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Understanding Drug Abuse and Addiction
Many people do not understand why or how other people become addicted to drugs. It is often mistakenly
assumed that drug abusers lack moral principles or willpower and that they could stop using drugs simply by
choosing to change their behavior. In reality, drug addiction is a complex disease, and quitting takes more than
good intentions or a strong will. In fact, because drugs change the brain in ways that foster compulsive drug abuse,
quitting is difficult, even for those who are ready to do so. Through scientific advances, we know more about how
drugs work in the brain than ever, and we also know that drug addiction can be successfully treated to help people
stop abusing drugs and lead productive lives.
Drug abuse and addiction have negative consequences for individuals and for society including family
disintegration, loss of employment, failure in school, domestic violence, and child abuse.
What Is Drug Addiction?
Addiction is a chronic, often relapsing brain disease that causes compulsive drug seeking and use, despite harmful
consequences to the addicted individual and to those around him or her. Although the initial decision to take drugs
is voluntary for most people, the brain changes that occur over time challenge an addicted person’s self-control and hamper his or her ability to resist intense impulses to take drugs.
Fortunately, treatments are available to help people counter addiction’s powerful disruptive effects. Research shows that combining addiction treatment medications with behavioral therapy is the best way to ensure success for most patients. Treatment approaches that are tailored to each patient’s drug abuse patterns and any co-occurring medical, psychiatric, and social problems can lead to sustained recovery and a life without drug abuse.
Similar to other chronic, relapsing diseases, such as diabetes, asthma, or heart disease, drug addiction can be managed successfully. And as with other chronic diseases, it is not uncommon for a person to relapse and begin abusing drugs again. Relapse, however, does not signal treatment failure—rather, it indicates that treatment should be reinstated or adjusted or that an alternative treatment is needed to help the individual regain control and recover.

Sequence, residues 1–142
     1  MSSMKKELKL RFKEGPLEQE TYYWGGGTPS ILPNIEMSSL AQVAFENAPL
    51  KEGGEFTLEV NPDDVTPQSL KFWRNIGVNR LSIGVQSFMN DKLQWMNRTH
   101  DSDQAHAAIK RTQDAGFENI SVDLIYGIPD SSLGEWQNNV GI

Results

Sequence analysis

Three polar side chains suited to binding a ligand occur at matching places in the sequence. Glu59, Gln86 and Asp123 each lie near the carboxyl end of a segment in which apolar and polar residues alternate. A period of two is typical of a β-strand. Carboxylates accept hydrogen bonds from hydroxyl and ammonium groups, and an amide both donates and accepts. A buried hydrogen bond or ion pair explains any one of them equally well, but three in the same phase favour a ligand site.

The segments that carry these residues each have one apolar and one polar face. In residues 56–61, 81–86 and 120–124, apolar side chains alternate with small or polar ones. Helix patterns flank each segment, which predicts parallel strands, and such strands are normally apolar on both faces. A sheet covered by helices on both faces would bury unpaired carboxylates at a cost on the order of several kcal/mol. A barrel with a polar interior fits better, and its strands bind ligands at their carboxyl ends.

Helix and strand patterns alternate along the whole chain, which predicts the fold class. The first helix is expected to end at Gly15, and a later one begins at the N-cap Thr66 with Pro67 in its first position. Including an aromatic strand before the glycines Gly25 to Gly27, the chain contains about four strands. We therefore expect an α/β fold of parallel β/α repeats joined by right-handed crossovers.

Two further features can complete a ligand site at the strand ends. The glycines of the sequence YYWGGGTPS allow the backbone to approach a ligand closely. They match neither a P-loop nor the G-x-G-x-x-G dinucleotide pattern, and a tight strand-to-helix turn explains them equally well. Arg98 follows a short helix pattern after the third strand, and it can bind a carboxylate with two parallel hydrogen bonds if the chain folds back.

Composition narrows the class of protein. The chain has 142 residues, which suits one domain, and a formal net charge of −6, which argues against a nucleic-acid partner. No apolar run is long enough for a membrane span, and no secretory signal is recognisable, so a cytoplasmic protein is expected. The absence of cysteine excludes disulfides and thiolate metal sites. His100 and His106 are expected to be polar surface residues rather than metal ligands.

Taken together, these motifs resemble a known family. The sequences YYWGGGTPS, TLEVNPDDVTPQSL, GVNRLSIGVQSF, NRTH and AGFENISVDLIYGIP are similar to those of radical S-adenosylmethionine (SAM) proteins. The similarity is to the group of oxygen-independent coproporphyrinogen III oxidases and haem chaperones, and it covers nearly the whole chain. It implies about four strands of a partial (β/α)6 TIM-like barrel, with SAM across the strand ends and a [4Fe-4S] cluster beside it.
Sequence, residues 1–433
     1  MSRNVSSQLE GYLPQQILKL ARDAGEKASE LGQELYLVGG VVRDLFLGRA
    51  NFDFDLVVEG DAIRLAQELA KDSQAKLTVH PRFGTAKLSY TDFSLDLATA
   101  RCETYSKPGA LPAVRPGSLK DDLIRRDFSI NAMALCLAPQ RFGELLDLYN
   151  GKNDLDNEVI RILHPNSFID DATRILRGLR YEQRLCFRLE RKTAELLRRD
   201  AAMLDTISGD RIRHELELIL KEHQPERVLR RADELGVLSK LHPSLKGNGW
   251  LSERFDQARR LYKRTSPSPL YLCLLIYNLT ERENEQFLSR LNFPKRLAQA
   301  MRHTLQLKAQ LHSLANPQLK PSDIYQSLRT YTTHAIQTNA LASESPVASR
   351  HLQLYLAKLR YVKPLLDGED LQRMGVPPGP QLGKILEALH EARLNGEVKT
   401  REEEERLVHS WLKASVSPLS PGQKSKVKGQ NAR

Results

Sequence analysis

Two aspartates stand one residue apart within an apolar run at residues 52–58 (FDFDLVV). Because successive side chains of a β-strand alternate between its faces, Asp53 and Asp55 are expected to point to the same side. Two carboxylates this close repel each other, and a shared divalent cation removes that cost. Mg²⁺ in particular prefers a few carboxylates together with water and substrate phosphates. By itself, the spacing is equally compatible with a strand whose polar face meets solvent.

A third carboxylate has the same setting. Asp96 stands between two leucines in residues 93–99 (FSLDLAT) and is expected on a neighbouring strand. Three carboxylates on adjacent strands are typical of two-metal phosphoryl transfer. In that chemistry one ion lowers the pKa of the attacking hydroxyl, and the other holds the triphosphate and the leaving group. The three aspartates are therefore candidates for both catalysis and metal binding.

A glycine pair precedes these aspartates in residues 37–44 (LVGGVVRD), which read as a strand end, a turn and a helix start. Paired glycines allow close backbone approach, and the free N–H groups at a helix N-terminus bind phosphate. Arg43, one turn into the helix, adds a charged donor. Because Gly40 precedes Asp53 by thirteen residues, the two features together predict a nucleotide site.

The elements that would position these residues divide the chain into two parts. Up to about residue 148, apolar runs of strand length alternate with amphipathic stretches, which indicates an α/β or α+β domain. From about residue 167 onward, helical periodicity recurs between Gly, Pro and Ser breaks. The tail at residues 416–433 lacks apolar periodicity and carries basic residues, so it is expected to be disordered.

What Happens to Your Brain When You Take Drugs?
Drugs contain chemicals that tap into the brain’s communication system and disrupt the way nerve cells normally send, receive, and process information. There are at least two ways that drugs cause this disruption: (1) by imitating the brain’s natural chemical messengers and (2) by overstimulating the “reward circuit” of the brain.
Some drugs (e.g., marijuana and heroin) have a similar structure to chemical messengers called neurotransmitters, which are naturally produced by the brain. This similarity allows the drugs to “fool” the brain’s receptors and activate nerve cells to send abnormal messages.
Other drugs, such as cocaine or methamphetamine, can cause the nerve cells to release abnormally large amounts of natural neurotransmitters (mainly dopamine) or to prevent the normal recycling of these brain chemicals, which is needed to shut off the signaling between neurons. The result is a brain awash in dopamine, a neurotransmitter present in brain regions that control movement, emotion, motivation, and feelings of pleasure. The overstimulation of this reward system, which normally responds to natural behaviors linked to survival (eating, spending time with loved ones, etc.), produces euphoric effects in response to psychoactive drugs. This reaction sets in motion a reinforcing pattern that “teaches” people to repeat the rewarding behavior of abusing drugs.